Also it is sad that you were willing to sacrifice your friends to live this scrooge-like type of lifestyle. You only live once and having friends is one of the most important things in life. There’s those who would argue and say that “Oh forget about friends if they can’t accept your frugal lifestyle”. Well how will you make friends in the first place? I know I wouldn’t want to be friends with a cheapskate.

Just because I choose to live my life differently than you doesn’t make me sad. Yes I saw my friends less, but it doesn’t mean they still aren’t my friends. I just chose to hang out with them when they were doing less expensive things. You don’t make or keep friends by spending a lot of money. If your friends were holding you back from something you really wanted to achieve in life, would you just give up on your dreams because they didn’t understand? Or would you do it anyway, because it’s your life, and it makes you happy? Friends should be supportive of your financial situation, regardless of what it is.

In the process of changing my attitude towards money, I’ve made many new, great friends who understand where I’m coming from and enjoy the same things as me. I am absolutely not a “cheapskate.” I just choose to spend less in certain aspects of my life that I don’t value as much as the other aspects of my life. No matter how much money you make, you can’t have it all. Even millionaires want things they cannot afford. For example, I choose to cut down on groceries, dining out, and clothing (among other things), so that I can spend more on what I really value in my life – traveling, buying a home of my own, and playing sports. That’s not being cheap, that’s being smart with my money, and understanding the value of a dollar.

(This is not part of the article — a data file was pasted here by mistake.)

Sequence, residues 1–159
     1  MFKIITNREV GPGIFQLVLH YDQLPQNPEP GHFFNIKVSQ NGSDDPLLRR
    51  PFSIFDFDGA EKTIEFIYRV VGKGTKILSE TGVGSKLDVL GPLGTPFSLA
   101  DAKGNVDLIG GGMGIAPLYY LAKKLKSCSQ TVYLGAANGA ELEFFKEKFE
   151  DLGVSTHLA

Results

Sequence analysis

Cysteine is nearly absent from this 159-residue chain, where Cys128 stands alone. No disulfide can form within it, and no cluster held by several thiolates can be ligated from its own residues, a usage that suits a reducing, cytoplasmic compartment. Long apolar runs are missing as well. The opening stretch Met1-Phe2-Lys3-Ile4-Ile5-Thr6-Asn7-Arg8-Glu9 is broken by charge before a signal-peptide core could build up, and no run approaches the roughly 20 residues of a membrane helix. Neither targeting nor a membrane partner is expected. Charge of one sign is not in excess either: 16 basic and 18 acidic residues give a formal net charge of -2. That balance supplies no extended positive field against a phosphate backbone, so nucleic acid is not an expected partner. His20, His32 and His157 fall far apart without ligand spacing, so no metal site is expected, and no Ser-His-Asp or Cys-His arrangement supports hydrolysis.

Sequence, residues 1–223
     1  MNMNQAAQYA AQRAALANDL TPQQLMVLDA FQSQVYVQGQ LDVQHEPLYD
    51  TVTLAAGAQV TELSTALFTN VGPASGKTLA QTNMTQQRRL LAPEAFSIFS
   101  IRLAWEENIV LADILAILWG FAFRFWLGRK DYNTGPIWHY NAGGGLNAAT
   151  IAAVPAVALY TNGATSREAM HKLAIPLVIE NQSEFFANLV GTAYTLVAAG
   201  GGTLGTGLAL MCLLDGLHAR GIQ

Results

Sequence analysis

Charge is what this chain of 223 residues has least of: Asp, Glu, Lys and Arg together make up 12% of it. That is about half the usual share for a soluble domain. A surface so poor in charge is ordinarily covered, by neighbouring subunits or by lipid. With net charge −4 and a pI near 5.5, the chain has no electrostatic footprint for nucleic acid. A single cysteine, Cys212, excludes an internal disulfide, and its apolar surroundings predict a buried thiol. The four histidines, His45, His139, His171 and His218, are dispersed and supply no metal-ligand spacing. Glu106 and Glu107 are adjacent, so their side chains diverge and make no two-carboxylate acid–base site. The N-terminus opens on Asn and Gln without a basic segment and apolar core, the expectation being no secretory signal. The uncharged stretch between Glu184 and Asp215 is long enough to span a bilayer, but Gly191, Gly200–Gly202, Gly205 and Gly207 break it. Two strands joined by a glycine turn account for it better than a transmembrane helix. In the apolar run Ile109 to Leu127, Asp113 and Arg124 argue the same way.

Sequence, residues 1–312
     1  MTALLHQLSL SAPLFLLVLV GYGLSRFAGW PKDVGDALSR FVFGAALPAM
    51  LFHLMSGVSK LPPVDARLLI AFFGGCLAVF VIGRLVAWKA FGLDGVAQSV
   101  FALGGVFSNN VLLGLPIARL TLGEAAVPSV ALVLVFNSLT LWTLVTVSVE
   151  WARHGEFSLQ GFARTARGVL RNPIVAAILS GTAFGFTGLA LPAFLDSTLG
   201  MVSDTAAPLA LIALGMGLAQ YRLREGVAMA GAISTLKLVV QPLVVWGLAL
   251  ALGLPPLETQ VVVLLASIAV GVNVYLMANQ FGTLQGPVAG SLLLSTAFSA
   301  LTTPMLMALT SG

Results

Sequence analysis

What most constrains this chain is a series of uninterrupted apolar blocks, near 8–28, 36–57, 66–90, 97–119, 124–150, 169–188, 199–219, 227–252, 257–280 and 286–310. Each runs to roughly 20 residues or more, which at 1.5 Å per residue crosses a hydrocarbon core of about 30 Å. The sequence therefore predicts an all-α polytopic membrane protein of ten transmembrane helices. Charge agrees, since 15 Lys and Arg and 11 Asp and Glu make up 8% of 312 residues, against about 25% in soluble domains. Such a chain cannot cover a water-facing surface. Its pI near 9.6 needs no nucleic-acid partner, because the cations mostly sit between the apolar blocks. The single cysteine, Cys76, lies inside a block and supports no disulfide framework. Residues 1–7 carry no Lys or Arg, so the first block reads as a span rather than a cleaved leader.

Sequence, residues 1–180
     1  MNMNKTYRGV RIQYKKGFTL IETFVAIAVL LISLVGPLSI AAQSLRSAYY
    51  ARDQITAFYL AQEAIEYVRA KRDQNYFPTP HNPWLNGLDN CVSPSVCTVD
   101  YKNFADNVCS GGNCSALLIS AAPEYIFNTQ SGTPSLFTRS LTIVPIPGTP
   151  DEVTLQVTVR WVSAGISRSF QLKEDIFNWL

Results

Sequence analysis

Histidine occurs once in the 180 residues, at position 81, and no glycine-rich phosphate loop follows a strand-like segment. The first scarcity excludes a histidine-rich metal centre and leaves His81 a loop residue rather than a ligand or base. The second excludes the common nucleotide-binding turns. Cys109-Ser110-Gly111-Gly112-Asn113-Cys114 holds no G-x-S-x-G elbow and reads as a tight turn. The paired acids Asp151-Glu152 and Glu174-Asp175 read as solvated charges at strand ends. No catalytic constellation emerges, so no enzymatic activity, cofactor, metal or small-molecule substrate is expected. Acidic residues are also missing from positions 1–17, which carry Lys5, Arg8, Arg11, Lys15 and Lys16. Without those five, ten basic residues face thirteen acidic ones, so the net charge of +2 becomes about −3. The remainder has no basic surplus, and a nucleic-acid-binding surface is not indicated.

You should check out the site below to open your eyes a little on how being frugal can save you so much.… Instead of trying so hard to save an extra $1000/month why not spend that effort to earn an extra $1000/month? I really hope that young people who are still trying figure themselves out don’t get influenced from your lifestyle because this will only limit their ambition thinking frugality is the only way to go.

It is true, that you can get to a point where you can only cut out so much in your budget by being frugal. At that point, you will have to start looking at ways of increasing income in order to save more. But being frugal doesn’t limit ambition. Don’t you think the definition of ‘ambitious’ would be trying to save  AND trying to earn extra money each month? If your goal is to be ambitious, why limit yourself to JUST trying to earn more? You can get much farther ahead in life if you try and do both at the same time.